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Feature: Argentina faces big challenges to develop Vaca Muerta for export growth


Bottlenecks are holding back production growth

To unleash investment, economic stability is crucial

New government eyes how to emerge from a deep financial crisis

  • Author
  • Charles Newbery
  • Editor
  • Gary Gentile
  • Commodity
  • Natural Gas Oil

Buenos Aires — Argentina is suffering growing pains as it seeks to become a major oil and natural gas exporter, a goal thought feasible thanks to huge shale resources, but which also requires taking on big challenges.

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Argentina has the second largest shale gas resources in the world, and the fourth in oil. It is one of only four countries to put shale into mass-scale production along with Canada, China and the US. Vaca Muerta has surged from zero production in 2012-13 to more than 100,000 b/d of oil and 35 million cu m/d of gas at the end of 2019, with still less than 10% of the play in full-scale development.

The growth has turned around a decline in the country's oil and gas production, taking crude to 514,000 b/d from a 28-year low of 479,000 b/d in 2017, and gas to 140 million cu m/d from a 16-year low of 113.7 million cu m/d in 2014. The result: production is now enough to meet local demand and export the surplus.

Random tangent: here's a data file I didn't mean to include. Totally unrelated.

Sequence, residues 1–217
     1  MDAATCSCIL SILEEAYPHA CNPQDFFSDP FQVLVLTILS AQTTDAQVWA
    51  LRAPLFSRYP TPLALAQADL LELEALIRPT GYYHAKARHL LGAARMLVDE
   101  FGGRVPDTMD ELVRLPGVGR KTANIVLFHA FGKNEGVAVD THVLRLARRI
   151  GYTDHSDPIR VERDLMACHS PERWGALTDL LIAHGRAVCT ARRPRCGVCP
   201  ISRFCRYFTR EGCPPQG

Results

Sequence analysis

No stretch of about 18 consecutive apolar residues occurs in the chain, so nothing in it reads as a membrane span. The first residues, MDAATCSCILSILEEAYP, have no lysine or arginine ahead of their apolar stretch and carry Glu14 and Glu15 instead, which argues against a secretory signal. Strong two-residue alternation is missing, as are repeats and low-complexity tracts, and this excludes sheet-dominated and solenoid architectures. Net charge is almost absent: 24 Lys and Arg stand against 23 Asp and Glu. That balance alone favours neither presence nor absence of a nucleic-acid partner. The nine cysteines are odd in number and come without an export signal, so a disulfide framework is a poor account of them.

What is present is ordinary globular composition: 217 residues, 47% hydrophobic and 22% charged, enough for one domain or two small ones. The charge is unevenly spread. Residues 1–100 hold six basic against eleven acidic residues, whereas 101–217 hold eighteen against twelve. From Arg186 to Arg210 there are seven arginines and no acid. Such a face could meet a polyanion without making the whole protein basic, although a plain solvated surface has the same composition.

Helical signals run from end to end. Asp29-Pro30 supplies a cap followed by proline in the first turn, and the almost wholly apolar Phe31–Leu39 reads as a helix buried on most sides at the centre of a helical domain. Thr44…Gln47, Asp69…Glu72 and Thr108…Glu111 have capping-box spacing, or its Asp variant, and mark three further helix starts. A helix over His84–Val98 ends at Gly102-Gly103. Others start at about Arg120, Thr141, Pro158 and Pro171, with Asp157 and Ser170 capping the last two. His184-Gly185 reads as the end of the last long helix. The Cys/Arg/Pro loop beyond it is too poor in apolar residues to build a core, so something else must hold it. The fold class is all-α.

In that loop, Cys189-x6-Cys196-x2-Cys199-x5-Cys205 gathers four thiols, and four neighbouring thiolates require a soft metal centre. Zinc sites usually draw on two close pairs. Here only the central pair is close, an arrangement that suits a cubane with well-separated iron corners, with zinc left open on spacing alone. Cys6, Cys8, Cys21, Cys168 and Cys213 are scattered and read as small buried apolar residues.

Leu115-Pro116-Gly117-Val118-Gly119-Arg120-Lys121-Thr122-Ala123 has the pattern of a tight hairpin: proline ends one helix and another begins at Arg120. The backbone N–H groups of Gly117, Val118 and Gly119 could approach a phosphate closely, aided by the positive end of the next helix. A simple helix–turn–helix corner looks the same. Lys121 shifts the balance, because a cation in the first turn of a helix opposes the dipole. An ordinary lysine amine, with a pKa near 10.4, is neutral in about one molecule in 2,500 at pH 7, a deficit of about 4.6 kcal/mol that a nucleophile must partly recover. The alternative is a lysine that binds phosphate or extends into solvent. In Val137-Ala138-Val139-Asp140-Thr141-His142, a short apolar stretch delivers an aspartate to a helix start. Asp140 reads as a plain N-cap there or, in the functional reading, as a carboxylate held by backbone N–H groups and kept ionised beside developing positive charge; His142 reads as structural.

Mariano Gargiulo, South America vice president of Baker Hughes, an oil services company, estimates that with enough investment, Vaca Muerta's production could rise fivefold over the next five years, taking exports from minor amounts in 2019 to $20 billion a year in 2024, maybe sooner.

"Many people say we can do this in five years, but if we do it well, then we can do it in a lot less time," he said.

According to S&P Global Platts Analytics, Argentina could increase oil production to 1.3 million b/d in 2040, led by the development of Vaca Muerta and offshore projects now in the early exploration phase. The forecast is supported by the large resource base and the quality of the shale in Vaca Muerta, as well as the experience of the operators, including multinationals like Chevron, Equinor, Total and Shell.


Argentina also has a long history in oil. The country has been producing oil and gas for more than 100 years, meaning it has engineers, services experts and rig operators to ramp up production, plus a supportive culture and universities training new talent.